Consistency and Communicating in IOL

The new age of in office life, (IOL??) not sure if anyone else has coined that abbreviation, is vastly different from the traditions of the past 50 years. Virtual companies are now more of the standard. Working remotely fits in with the modern workday demands.

Larger companies are now expanding their reach by hiring contractors with flexible schedules. This works for employers as they are not committed to long term benefits and the like. This works for both new employees, employees juggling kids and ageing parents, and the creative type yearning for flexibility. It makes sense in the ebb and flow of business. My question is as efficiency is gained, some of the finer points of B2B relations have minimized, does this mean we have lost too much?

I think globally and realize what customers in any transaction is not only efficiency but an honest and attentive customer service experience.

Either in person, a directed personally written email, or for those complicated sites a responsive chatbot! The point being consumers want to feel they have been heard and their needs addressed. Many businesses often overlook a simple fact: communicating by voice is faster, easier, and more effective than typing messages back and forth.

According to the Harvard Business Review, humans generally speak at 125-175 words per minute and can listen at a rate of up to 450 words per minute. In contrast, the average typist does 38-40 words per minute — and that’s on a full-fledged keyboard, not on a mobile phone. A consumer may prefer to make plans with friends over text message, or to order a pizza online, but when faced with a complex purchase, these preferences often change. When making a significant decision, like applying for a first-time mortgage or exploring a potential bathroom remodel, most consumers want to talk to a qualified human expert. According to a study by Google, 61% of mobile users call a business when they’re in the purchase phase of the buying cycle. Most respondents would call instead of reaching out online because they’re looking to get a quick answer (59%) or talk to a real person (57%). The study also found that consumers are more likely to call a business when making a high-value purchase in verticals such as auto, finance, or travel. https://hbr.org/2017/07/your-customers-still-want-to-talk-to-a-human-being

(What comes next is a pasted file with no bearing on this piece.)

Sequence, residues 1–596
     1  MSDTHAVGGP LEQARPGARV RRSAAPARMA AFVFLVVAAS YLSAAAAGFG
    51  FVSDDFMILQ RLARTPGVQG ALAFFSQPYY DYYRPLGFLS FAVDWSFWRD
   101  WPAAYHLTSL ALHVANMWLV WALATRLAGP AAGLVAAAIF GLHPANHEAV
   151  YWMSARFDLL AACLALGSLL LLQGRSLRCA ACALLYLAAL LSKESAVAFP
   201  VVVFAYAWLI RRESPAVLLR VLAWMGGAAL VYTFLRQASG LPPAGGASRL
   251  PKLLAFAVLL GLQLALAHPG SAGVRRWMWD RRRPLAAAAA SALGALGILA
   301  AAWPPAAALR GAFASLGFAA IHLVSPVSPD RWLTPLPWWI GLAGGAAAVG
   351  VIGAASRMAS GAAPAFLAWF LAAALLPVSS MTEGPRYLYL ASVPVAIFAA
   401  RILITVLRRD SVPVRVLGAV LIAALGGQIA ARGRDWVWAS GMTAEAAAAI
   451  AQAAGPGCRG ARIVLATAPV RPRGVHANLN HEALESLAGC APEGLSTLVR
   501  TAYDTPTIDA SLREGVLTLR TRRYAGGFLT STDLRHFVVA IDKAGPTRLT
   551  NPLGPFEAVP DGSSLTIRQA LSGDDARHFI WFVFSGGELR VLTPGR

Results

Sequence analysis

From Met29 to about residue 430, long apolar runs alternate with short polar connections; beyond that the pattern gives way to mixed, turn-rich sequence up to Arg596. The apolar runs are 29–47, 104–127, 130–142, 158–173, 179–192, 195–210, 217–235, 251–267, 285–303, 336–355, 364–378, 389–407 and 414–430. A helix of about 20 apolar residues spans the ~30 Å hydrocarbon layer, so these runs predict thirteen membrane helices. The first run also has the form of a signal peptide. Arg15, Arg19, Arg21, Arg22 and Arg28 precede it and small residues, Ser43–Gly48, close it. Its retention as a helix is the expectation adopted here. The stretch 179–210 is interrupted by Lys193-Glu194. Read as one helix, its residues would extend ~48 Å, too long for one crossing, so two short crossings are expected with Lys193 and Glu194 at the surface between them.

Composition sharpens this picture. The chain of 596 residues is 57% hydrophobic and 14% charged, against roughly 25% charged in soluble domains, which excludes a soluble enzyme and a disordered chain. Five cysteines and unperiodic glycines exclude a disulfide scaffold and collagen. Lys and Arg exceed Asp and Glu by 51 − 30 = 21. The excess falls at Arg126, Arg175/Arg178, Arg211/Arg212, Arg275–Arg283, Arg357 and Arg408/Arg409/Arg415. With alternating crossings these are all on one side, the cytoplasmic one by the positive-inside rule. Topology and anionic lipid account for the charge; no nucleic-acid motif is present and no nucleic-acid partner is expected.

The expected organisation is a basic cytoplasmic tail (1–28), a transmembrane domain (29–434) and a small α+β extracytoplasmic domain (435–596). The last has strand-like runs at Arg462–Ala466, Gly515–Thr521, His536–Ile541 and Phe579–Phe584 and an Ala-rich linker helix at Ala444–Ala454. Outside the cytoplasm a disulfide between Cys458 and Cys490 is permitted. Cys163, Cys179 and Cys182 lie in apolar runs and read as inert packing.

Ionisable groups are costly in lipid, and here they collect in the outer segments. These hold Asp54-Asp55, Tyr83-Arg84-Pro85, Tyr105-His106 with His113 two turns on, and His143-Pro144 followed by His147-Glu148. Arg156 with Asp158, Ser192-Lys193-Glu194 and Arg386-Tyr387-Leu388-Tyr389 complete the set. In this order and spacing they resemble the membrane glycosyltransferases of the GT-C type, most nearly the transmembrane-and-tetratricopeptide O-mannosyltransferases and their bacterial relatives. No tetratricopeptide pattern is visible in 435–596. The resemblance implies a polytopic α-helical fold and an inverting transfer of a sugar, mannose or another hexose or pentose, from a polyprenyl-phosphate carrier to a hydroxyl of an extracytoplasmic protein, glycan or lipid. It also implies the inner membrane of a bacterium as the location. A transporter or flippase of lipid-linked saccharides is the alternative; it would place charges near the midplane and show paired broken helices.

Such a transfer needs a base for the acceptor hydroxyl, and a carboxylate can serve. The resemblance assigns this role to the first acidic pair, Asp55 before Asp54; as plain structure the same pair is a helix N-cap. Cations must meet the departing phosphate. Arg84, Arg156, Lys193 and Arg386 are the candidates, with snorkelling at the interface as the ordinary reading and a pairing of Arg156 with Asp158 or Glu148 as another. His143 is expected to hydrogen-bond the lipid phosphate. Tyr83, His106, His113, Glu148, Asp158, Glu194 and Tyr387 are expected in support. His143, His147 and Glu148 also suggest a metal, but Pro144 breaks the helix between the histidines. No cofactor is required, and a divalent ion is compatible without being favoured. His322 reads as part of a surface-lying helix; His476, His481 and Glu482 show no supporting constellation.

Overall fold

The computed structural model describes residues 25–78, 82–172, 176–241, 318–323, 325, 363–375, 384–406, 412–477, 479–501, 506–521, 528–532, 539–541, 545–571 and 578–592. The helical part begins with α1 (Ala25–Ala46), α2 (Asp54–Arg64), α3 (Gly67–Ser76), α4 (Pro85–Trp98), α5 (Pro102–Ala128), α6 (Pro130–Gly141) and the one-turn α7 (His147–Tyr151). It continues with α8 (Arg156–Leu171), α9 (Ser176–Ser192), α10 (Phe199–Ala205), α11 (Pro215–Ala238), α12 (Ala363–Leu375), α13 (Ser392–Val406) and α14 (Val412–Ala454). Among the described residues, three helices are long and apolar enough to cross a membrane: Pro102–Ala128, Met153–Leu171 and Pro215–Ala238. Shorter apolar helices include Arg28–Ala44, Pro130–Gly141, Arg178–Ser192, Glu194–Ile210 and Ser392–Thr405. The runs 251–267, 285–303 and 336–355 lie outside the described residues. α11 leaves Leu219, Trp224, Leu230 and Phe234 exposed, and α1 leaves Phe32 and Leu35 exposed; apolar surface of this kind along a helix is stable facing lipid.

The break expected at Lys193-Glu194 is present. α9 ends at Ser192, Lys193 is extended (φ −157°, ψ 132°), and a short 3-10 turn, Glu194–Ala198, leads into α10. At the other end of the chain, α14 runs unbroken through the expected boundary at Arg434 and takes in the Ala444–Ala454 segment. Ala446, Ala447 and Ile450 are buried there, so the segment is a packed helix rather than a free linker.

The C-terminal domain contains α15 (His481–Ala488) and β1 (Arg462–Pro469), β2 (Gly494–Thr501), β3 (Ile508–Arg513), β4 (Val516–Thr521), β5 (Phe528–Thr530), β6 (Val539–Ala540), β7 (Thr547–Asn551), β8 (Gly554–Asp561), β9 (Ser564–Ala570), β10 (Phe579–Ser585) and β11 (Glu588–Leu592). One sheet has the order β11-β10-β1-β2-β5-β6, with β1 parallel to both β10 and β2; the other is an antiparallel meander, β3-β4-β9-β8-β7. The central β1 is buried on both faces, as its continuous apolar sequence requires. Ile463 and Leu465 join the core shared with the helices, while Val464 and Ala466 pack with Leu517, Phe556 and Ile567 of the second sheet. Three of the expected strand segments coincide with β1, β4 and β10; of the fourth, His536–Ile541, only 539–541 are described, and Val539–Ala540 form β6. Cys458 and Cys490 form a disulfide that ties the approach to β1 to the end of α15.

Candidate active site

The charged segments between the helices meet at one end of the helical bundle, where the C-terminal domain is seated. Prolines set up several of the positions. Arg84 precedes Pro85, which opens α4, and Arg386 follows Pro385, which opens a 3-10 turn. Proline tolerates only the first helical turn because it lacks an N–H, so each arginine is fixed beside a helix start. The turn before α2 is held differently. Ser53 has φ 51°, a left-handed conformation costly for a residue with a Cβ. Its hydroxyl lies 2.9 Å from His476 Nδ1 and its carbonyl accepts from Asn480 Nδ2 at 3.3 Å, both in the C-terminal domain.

What is extremely important is that first contact.  The statement that stood out to me was this: “Use a greeting that will make a difference and set you apart from your competition, making certain your customers know they called the right place.” That seems super simple and a warm welcome can make all the difference. How does contracting fit into all of this? On the employer side, the workforce can adapt to the changing workflow. For those individuals that contract, it makes their work world more dynamic. Flexible when necessary, though shorter contracts may create greater amounts of turmoil. In many types of businesses, people like to know their favorite person is there. That’s why creating a personality for your business is critical.  https://www.forconstructionpros.com/business/article/10117510/the-importance-of-first-impressions-in-customer-service

In my quest to understand this dynamic better, I investigated the thought of “does a business really need a person to talk to”. I read quite a few topics and this one I was very inspired by: https://drbarbaramariposa.com/why-business-must-have-a-human-face/. As Peter Drucker said, “Culture eats Strategy for breakfast.” It’s about being human.

The way in which people communicate, connect and care for each other at every level of the business has a profound influence on how people perform.

If your team is constantly changing, it can be frustrating for your clients, and consistency suffers.  So, in order to face the challenge of the new business models remember to be consistent, talk to people, and make sure each of your clients feel that you have their best interests at heart.

Cynthia Kosciuczyk, MBA
Cynthia Kosciuczyk, MBAhttps://www.eyeuniversal.com/
Some time ago I took the less-traveled roads which led to many careers. Each of these contributed to my unique mix of expertise: science research, teaching, food, art, and textiles. Owning and operating my own businesses (a bakery, a gallery, and a consulting business) thrust me into the driver seat of learning many diverse roles from customer service to public relations and resulted in my unique management style. Participating in the creation of startups and my own businesses and technology endeavors such as www.Eyeuniversal.com My quest for knowledge and seeking out the best has turned me into a networking enthusiast. A lifelong passion for textiles and Persian rugs taught me an array of professional skills which make the spectrum of research, writing and community events enjoyable interrelated tasks. Networking in the art and music areas, community projects and events has resulted in a multitude of business opportunities. My experiences include Management, Entrepreneurship, Sales, Design, Descriptive Writing, Business Strategy, Color, and Textiles. Each and every facet of my work and life come together like pieces of a puzzle. I strive to be a phenomenal net-worker and problem solver who continues to learn and grow.
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